At 2,562 MLD, Delhi has highest gap in sewage treatment capacity, SC told
Delhi's decades-long fight against pollution in the Yamuna river seems to have no end in sight soon.
New Delhi: Delhi's decades-long fight against pollution in the Yamuna river seems to have no end in sight soon. The Central Pollution Control Board (CPCB) in an affidavit has informed the Supreme Court that among several municipalities along the river, Delhi Jal Board (DJB) has the worst gap in sewage treatment and the water in Delhi has the highest level of Biochemical Oxygen Demand (BOD).
The affidavit filed by Nalin Kumar Gupta, scientist at CPCB, said: "in case of Delhi, the sewage generation is 3,273 million litres per day (MLD) and total installed/operational capacity of the 35 STPs is 2,715 MLD. However, actual utilisation is only 2,432 MLD of which 711 MLD is complying to discharge norms, thereby gap in sewage treatment capacity in case of Delhi is 2,562 MLD (3,273 MLD-711 MLD)." As per the data, there are 70 municipalities located along Yamuna river and 156 drains are discharging into the river.
The data from the state-wise list of municipalities having gaps in sewage treatment reveal that Delhi has gap of 2,562 MLD, followed by Prayagraj at 224.29 MLD and Faridabad at 220 MLD . In comparison with Delhi, the sewage treatment gap in many municipalities is extremely low, for example Nagar Nigam Agra (125.35 MLD), Nagar Nigam Agra (118 MLD), Nagar Nigam Saharanpur (89.5 MLD), Nagar Nigam Firozabad (72 MLD), Nagar Palika Parishad Muzaffarnagar (54.5 MLD), UPJN Ghaziabad (42.32 MLD). In 41 municipalities the gap in sewage treatment is below 10 MLD.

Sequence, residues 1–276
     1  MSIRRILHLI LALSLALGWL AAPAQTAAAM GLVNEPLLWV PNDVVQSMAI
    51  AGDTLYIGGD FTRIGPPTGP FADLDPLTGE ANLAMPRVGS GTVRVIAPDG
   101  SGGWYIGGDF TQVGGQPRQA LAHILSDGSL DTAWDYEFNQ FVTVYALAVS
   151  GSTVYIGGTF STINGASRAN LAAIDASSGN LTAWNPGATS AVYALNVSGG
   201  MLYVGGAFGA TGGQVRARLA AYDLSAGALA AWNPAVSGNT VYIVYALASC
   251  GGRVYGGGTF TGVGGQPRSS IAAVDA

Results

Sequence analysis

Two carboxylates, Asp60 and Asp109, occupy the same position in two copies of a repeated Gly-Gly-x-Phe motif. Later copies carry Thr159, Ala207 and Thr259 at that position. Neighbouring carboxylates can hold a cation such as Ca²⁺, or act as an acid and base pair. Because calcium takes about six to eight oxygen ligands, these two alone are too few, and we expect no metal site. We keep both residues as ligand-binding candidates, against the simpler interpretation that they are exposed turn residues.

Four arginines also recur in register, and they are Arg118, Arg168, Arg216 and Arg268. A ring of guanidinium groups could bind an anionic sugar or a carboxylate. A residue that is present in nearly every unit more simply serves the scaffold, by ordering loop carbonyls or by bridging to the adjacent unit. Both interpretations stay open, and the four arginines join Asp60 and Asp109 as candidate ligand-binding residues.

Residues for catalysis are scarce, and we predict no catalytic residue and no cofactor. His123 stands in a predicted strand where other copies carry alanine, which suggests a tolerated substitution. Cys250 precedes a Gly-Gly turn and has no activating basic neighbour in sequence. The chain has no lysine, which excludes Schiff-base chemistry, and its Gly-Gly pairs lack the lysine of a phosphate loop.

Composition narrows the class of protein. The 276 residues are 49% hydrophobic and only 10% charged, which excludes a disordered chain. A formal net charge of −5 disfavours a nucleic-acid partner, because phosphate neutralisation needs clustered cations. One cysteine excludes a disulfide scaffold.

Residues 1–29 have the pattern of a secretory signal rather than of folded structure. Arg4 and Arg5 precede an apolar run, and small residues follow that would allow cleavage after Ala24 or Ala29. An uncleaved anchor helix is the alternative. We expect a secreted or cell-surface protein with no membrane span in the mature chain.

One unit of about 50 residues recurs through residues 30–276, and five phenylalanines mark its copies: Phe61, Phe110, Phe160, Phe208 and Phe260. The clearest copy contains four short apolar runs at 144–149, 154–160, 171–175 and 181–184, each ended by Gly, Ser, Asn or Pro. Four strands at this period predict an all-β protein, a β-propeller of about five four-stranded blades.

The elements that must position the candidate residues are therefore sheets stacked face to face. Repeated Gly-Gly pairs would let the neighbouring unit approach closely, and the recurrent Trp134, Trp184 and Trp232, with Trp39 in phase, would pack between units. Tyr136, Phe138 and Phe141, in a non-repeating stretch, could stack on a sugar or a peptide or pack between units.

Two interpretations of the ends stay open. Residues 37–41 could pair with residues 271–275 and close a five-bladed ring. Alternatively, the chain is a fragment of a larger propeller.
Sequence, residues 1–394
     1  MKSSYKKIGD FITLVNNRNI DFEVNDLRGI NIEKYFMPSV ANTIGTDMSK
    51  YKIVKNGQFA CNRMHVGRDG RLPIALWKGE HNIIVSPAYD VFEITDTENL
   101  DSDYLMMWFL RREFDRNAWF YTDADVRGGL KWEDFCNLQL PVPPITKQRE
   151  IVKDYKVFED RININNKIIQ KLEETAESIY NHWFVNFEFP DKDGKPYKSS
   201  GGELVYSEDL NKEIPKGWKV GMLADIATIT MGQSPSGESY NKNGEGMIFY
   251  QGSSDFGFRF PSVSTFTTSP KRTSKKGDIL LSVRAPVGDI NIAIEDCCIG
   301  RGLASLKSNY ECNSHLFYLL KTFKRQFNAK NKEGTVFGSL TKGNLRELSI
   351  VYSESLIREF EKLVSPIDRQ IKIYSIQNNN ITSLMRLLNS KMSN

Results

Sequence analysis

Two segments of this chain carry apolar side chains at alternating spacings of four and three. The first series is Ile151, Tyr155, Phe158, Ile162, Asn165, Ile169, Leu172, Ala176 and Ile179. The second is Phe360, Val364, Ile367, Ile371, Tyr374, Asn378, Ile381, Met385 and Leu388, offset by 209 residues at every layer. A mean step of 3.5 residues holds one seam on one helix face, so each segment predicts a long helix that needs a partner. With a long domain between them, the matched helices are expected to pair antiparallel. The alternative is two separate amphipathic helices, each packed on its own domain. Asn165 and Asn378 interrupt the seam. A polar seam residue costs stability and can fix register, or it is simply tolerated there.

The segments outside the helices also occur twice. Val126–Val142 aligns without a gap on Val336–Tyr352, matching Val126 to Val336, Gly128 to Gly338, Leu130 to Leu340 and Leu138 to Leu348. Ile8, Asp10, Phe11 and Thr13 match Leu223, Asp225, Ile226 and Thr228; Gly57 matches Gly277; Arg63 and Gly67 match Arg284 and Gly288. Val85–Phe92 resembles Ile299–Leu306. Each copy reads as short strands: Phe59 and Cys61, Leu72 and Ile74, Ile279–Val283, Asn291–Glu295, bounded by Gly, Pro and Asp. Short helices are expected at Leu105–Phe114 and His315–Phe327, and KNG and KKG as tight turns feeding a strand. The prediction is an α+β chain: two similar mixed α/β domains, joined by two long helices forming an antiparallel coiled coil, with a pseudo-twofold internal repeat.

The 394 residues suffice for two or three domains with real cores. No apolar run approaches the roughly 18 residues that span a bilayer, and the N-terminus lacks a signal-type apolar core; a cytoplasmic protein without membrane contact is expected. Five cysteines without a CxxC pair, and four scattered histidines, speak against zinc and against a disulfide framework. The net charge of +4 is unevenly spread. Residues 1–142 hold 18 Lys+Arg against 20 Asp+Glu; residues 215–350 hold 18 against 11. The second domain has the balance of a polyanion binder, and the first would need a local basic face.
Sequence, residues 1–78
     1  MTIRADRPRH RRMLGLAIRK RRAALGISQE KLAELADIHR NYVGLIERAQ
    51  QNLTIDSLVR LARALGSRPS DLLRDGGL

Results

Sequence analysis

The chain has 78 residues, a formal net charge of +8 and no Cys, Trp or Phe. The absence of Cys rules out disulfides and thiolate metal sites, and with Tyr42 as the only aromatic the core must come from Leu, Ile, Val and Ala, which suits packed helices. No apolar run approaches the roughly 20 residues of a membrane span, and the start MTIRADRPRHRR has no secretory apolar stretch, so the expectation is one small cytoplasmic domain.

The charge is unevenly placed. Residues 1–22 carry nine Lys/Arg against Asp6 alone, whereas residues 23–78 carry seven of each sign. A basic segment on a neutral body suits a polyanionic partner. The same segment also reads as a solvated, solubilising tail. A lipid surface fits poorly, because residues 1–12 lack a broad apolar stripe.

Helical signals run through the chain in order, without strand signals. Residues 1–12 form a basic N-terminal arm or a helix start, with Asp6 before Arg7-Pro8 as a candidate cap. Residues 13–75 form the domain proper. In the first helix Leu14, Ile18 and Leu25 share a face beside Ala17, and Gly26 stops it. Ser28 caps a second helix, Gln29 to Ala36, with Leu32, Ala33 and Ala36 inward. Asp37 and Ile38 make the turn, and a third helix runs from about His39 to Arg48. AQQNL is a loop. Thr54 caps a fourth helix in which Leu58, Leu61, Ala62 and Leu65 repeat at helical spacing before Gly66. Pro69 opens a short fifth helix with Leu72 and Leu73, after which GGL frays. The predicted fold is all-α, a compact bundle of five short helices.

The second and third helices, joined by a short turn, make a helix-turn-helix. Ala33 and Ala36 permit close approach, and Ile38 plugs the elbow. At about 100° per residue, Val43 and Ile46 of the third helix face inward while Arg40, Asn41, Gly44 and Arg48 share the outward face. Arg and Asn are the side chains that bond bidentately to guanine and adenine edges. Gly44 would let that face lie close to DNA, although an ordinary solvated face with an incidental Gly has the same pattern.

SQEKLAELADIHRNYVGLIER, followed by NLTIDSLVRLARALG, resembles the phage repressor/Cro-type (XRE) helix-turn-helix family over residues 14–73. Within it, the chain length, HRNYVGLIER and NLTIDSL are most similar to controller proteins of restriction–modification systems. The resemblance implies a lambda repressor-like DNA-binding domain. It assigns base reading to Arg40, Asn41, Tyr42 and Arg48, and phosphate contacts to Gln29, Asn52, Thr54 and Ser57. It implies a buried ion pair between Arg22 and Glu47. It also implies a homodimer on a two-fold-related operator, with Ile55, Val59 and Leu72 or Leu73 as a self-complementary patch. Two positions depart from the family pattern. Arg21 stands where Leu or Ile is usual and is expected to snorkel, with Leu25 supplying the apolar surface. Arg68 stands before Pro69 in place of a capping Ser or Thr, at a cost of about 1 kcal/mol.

The data also reveals that Delhi's water quality has highest BOD at 114 followed by Faridabad and Ghaziabad at 59.0. For Gurugram, Sonepat, Rohtak, Beri municipal corporations the water had 57 BOD. The water in nearly 15 municipalities has BOD below 10.
According to sources in CPCB, high BOD establishes that water has worst pollution level and along with high level of gap in sewage treatment, it is kind of a worrying situation.
The response from CPCB came following the top court's order on January 13 asking it to submit a report identifying municipalities along the Yamuna river which have not installed total treatment plants for sewage as per the requirement or have gaps in ensuring that the sewage is not discharged untreated into the river.
The CPCB on January 15 requested state pollution control boards of Uttar Pradesh, Haryana, Himachal Pradesh, Uttarakhand and Delhi Pollution Control Committee, to provide municipality-wise latest information on sewage generation, treatment capacity and other prominent sources of contamination in the catchment of Yamuna river. Later, it collated the data and found DJB has the highest level of gap in sewage treatment in all the municipalities along Yamuna.
The affidavit said water quality data of drains depict that 100 drains in the catchment of Yamuna river (2 in Himachal Pradesh, 52 in Uttar Pradesh, 20 in Delhi, 26 in Haryana) are not meeting general standards for discharge of environment pollutants in respect of one or more parameters, namely, BOD (Biochemical Oxygen Demand), COD (Chemical Oxygen Demand) and TSS (Total Suspended Solids)."
In the top court, the Delhi Jal Board (DJB) had cited its inability to supply water to all areas of Delhi due to the high ammonia level in the river which enters Delhi from water coming from the Haryana side.
The DJB counsel had contended before the top court that the sewage treatment plant (STP) in Haryana was not working properly, which has led to a high ammonia level in the water, making it unfit for drinking. Haryana government had denied DJB claims, instead stressed the issues associated with pollution is at Delhi's end.
On January 13, the Supreme Court had said pollution-free water forms the basic right under the Constitutional framework and took suo moto cognisance on the issue of contamination of rivers by sewage effluents.